n The operation of the tube shown in Fig.` 1 is briefly that in which theV electron beam of 'gun 14 will strike the target 16 with yan 'energy of substantially 1000 volts. This initiates from the target surface a secondary electron emission which drives the target surface under the beam positively to a potential of about three volts higher than the potential of the collector electrode 30. At this potential the secondary electrons leaving the target surface will pass` partially to the collector electrode and partially will be re-distributed to other portions of the target driven positively by `the beam. The re-distribution electrons tend to drive these `other portions of the target down to a potential of substantially 11/2 volts minus with respect to collector potential 30.

An optical image is focused upon the mosaic surface 42 ofthe target electrode 16 by any appropriate lens system indicated at 47. The sensitized mosaic 42 will emit electrons photoelectrically from each portion of the target surface and in proportion to the amount of light striking that part. In this manner, there is established on target 16a distribution of charges or a charge pattern corresponding to the optical image or light distribution focused upon the sensitized target surface. v

The photoelectrons emitted from the mosaic 42 tend to raise the potential of the illuminated vportions of the target to a'point somewhere between the minus ll/z volts and 'plus 3 volts positive with respect to collector potential. As the electron beam is again scanned over the target surface, each portion of the target area. struck by the electron beam is instantaneously brought to the 3 volts positive with respect to collector potential and from a potential which varies according to the amount of light falling upon that target portion. The instantaneous driving of each target portion positively by the beam, produces a current pulse in the signal plate 40, which is capacitively coupled to the mosaic surface of the target. The pulse is proportional to the amount that each area of the target is raised by the electron beam. The beam then in scanning the charge pattern of the target surface sets up a succession of current pulses which in turn provide corresponding voltage charges in the circuit 46 of the back plate 40, which is coupled to the control grid 48 of the amplier tube circuit. In this manner, there is produced an output signal of the tube.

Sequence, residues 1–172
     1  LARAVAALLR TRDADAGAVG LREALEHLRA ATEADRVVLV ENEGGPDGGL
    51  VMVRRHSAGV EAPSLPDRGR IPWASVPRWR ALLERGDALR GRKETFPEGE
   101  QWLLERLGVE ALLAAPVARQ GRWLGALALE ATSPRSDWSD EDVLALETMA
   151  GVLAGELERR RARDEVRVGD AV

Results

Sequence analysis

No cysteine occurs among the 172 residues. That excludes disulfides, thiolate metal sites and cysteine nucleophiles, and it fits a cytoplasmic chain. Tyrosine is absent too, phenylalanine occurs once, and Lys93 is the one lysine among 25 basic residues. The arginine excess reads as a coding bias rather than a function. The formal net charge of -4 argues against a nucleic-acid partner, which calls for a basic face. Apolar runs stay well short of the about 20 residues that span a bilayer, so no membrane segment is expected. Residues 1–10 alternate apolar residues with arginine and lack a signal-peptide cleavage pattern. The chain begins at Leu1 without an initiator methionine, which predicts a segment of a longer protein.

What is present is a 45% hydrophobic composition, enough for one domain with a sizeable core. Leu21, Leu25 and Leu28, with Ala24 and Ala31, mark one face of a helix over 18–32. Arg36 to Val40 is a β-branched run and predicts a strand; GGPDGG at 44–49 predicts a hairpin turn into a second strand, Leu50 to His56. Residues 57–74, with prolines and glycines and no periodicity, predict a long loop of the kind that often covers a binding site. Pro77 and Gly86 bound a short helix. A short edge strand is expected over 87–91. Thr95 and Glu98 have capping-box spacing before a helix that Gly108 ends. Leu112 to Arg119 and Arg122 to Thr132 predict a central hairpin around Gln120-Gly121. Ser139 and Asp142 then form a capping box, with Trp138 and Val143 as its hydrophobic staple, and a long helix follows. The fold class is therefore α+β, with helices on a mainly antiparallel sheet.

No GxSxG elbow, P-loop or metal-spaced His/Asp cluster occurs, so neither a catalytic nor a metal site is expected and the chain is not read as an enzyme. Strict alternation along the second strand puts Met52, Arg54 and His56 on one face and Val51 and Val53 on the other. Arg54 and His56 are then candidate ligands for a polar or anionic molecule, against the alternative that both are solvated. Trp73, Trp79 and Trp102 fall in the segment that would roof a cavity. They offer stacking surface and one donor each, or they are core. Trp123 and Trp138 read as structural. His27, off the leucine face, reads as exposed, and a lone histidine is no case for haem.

The insulating sheet 38 of target 16 may be of the `high-'grade form of mica described above. However, l have found that a thin ceramic wafer formed principally of titanium oxide and zirconium oxide, when used in a target as a material for insulating sheet 38, results in an improved target having many advantages.

Such a ceramic sheet may be formed by mixing the constituents of the ceramic in an organic binder or water suspension to provide a rather thick viscous material which is flowed out onto an endless belt and passes under a knife blade to scrape olf the excess material and to provide a consistent thickness of the material. The belt ypasses through an oven which bakes out the binder mate- `is controlled very carefully and the tiring causes the ceramic to fuse into a hard brittle sheet. Firing is very important. Clean oxidizing flames are absolutely essentialas well as cleanliness in other kiln operations.